Shohreh Aghdashloo in The Stoning of Soraya M.
Shohreh Aghdashloo in The Stoning of Soraya M.
(Image courtesy of MPower Pictures)

Iran is all over the news these days with its nuclear ambitions and sham elections, but there’s another little matter that’s been going on in Iran a lot longer: the stoning to death of people, usually women, for moral offenses. In these cases, the victim is buried up to his or her waist and rocks are chosen so they’ll hurt, but not kill instantly. As an added touch of brutality, children of the victim are frequently forced to watch.

Last September when Toronto bestowed the Cadillac People’s Choice Award on a little feel-good slice of poverty tourism known as Slumdog Millionaire, another film called The Stoning of Soraya M. was chosen as the second runner-up. Set a few countries away from Slumdog, Soraya doesn’t have an upbeat Bollywood ending. Instead it ends with rocks and blood and death. It’s the true story of a young Iranian wife wrongfully accused by her husband of adultery and subsequently stoned to death.

Told in flashback, the film stars Oscar nominee Shohreh Aghdashloo (The House of Sand and Fog) as Soraya’s aunt and Jim Caviezel (The Thin Red Line, The Passion of the Christ) as Freidoune Sahebjam, a passing Western journalist to whom she tells the story in the hope he will tell the rest of the world.

Though it’s not a perfect film – it borders uncomfortably on melodrama at times and the tyrannical husband character is lacking only a handlebar mustache he can twirl malevolently – The Stoning of Soraya M. nevertheless has some great performances and an undeniably powerful subject matter that builds to a moving and excruciating climax. Aghdashloo turns in a terrific performance as a woman who has seen enough, but who has no one to turn to for help and Mozhan Marnò is deeply sympathetic as Soraya.

Here’s a recent interview Shohreh Aghdashloo did with the Today show’s Ann Curry. The latter half is about the recent Iranian elections, but the first bit is about the film.

The Stoning of Soraya M. will be presented on Saturday, June 20 at the Los Angeles Film Festival by guest artist Khaled Hosseini, author of The Kite Runner. Director Cyrus Nowrasteh and Shohreh Aghdashloo will participate in a discussion following the film which opens in limited release on June 26.

6 Responses to “In the Pipeline: The Stoning of Soraya M.”

  1. I’ve been looking forward to this one but I know it will be really hard to watch. Somebody told me the stoning scene is like 15 minutes long.

  2. Indeed, this is extremely disturbing, especially with the unconscionable aspects of the torture and having children watch. Brutality that has no equal.

    Ms. Aghdashloo is one superb actress though.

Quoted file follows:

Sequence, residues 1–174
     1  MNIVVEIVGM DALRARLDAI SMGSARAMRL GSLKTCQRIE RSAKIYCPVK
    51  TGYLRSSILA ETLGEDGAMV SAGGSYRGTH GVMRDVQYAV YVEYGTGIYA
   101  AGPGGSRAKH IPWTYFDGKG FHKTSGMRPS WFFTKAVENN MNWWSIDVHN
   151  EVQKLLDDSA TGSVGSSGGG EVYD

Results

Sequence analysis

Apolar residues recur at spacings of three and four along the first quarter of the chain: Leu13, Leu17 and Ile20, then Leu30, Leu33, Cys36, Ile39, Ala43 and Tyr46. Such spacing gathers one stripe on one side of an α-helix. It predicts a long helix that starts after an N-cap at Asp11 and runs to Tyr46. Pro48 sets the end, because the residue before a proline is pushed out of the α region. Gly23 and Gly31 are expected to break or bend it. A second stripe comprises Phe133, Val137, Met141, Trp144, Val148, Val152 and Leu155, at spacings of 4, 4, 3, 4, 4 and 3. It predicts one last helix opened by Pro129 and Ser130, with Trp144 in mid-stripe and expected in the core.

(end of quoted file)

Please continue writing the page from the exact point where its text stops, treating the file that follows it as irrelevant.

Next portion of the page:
3. Thank you both for not stoning me for unnecessarily headbutting Slumdog :) I know you’re both fans, and frankly I liked it too, I just couldn’t resist a teeny bit more post-Oscar backlash.

    I had a few issues with the film I elaborated above, but it’s still solid and sometimes subject trumps filmmaking.

    The stoning is indeed long and pretty brutal. It’s not as graphic as a typical slasher film, but sometimes not seeing is worse than having it shoved in your face.

  4. It is important for people to know what continues to happen in many different cultures around the world. I saw the movie and can attest that i was crying, but i was crying because it is long overdue not telling the truth and getting support from world leaders. The stoning sequence is difficult only because you identify with the character; Mozan did an excellent job with the character and the director makes everyone remember that something can be done to stop this and improve women’s rights. Thank you Shohreh and the rest of the cast for stepping up!

  5. Thanks for stopping by Roya. The thing that got to me about the stoning was how enthusiastically friends and neighbors of Soraya joined in. Horrifying.

  6. Abuse of power, Betrayal, Manipulation, and Injustice, the good old boys club especially when you through the gender discrimination in themix!
    A gruesome story is being delivered through a great
    cinematography, amazing cast of talent, and, an in-your-face style.

    June 20th 2009, LA Film Festival, the opening night for the movie unintentionally co-insides with the unrest and turmoil that has started in Iran. The movie is seeking to deliver a scream about a gruesome
    injustice from a remote village in Iran, which undeniably can be related to what is going on in the whole country right now.

    The combination of old veteran and new generation Iranian actors, the list of talent in this movie is amazing and perhaps challenging for the
    director Cyrus Nowrasteh at times! From Vida Ghahremani, a seventy years veteran actress, pioneer, and Icon in Iran’s history of cinema
    to, Parviz Sayyad, Ali Pourtash, Navid Negahban, David Diaan, the stunning duet of Mojhan Marno, and Shohre Aghdashloo, and the list goes on.
    However, at the end, director/writer Cyrus Nowrasteh accomplishes delivery of his vision by masterfully utilizing this amazing pool of talented cast and crew.
    Great film making; brave awareness delivery; I’ll say, it is a must see.

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